Cumin the spice

The latest research convincingly suggests that most disorders of the brain are the result of prolonged inflammation. Usually, brain disorders result from low-grade smoldering inflammation. The inflammation can have many sources, including viral infections, inhaling exhaust fumes, toxic metals (mercury, lead, cadmium, manganese, iron, copper), minor strokes, autoimmune diseases, food allergies, and brain injury. Inflammation in the brain is triggered by a very complex series of reactions within brain cells. When the brain becomes inflamed, specialized immune cells called microglia secrete toxic chemicals including free radicals, lipid peroxidation products, excitotoxins, and immune messengers called cytokines. These caustic chemicals slowly damage critical areas of the brain, destroying synapses (the connectors between brain cells) and dendrites (the branched ends of brain cells that transmit signals in the brain). Eventually these chemicals lead to the death of brain cells, or neurons, themselves.
The neurological disorder that develops with inflammation depends on the areas of the brain most affected. For example, in Parkinson’s disease it is the midbrain (substantia nigra and striatum). In Alzheimer’s disease, it is the hippocampus, frontal lobes, parietal lobes, and discrete areas of the brain stem that are most affected. Yet in all of these age-related, neurodegenerative disorders we see common changes, including:
• High levels of microglial activation
• Evidence of excitotoxicity
• Free radical damage
• Accumulation of oxidized lipids and proteins
• Elevated levels of pro-inflammatory cytokines
The hallmark of Alzheimer’s disease is the accumulation of nasty-looking microscopic substance called amyloid plaque. In the past, it was thought that a special form of amyloid plaque, called fibrillated amyloid, was the culprit. Now we have learned that a special form called amyloid oligomers is most toxic to the brain. These oligomers act like caustic balls of goo, slowly burning neurons and connections around them. The brain reacts by activating microglia (its immune cells) in the hope of removing the oligomers.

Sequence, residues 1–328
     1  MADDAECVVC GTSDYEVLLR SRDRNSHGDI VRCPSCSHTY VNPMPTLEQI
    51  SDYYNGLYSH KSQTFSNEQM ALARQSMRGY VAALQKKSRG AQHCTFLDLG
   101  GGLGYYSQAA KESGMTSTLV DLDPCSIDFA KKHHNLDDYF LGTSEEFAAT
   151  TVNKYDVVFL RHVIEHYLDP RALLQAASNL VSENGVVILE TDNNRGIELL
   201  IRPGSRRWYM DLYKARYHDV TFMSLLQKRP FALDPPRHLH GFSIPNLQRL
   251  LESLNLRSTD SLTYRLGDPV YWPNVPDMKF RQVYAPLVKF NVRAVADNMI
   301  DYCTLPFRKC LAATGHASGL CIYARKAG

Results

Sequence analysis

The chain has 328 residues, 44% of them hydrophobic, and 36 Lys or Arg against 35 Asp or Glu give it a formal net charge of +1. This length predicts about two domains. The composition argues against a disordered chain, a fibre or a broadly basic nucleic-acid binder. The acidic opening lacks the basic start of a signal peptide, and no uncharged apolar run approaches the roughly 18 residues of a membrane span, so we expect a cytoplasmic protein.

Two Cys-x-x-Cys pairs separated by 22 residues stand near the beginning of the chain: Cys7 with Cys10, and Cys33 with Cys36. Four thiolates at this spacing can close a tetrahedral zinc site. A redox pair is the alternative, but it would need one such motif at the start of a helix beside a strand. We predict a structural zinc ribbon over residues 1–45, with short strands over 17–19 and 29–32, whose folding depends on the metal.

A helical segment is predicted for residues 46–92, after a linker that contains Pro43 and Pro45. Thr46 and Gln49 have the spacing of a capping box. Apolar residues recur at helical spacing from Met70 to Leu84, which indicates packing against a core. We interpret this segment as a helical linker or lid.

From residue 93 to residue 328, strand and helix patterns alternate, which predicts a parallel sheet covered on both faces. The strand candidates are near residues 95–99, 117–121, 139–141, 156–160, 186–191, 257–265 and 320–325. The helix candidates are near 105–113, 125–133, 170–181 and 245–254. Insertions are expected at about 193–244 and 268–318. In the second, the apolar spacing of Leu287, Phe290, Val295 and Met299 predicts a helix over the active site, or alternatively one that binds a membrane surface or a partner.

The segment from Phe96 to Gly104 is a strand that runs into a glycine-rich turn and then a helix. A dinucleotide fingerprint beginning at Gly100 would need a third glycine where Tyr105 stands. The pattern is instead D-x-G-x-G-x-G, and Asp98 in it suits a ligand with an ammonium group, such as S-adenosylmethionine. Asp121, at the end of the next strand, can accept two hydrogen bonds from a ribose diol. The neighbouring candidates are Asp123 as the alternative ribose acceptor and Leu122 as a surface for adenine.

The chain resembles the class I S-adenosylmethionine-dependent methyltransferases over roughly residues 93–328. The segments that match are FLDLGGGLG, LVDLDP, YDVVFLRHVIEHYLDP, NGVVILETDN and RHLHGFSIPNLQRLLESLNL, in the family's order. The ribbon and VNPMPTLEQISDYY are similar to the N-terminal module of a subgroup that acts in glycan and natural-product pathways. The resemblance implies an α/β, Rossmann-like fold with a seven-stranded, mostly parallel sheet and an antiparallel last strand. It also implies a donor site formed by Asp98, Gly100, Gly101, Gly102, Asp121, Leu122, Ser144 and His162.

Instead, the immune cells become the problem. They begin to secrete caustic chemicals of their own—mainly inflammatory immune chemicals and excitotoxins (glutamate, aspartate, and quinolinic acid). We call this process immunoexcitotoxicity. Immunoexcitotoxicity also occurs with head injuries, strokes, exposure to brain-toxic metals, certain pesticides/herbicides, and brain infections. It is a universal reaction when the brain is disturbed.
Curcumin has shown itself to be the king of anti-inflammatory substances, equal to the most powerful pharmaceutical drug. 
Curcumin is a flavonoid (an organic compound) extracted from the spice turmeric. It is the curcumin that gives the spice its bright yellow color. Turmeric, a native plant of Asia, is in the family of plants called Zingiberacae, and is a relative of ginger.
The spice turmeric contains a number of compounds, but the most important are the curcuminoids: curcumin, demethyoxycurcumin, and bisdemethoxycurcumin. Curcumin is the principle flavonoid in turmeric, making up 2 to 5 percent of the plant. Turmeric is a staple of the Indian diet. Not surprisingly, colon cancer rates in India are a fraction of those in the West, and Alzheimer’s disease is one-quarter as prevalent. Because Indians mix turmeric with fatty foods, it is absorbed very well.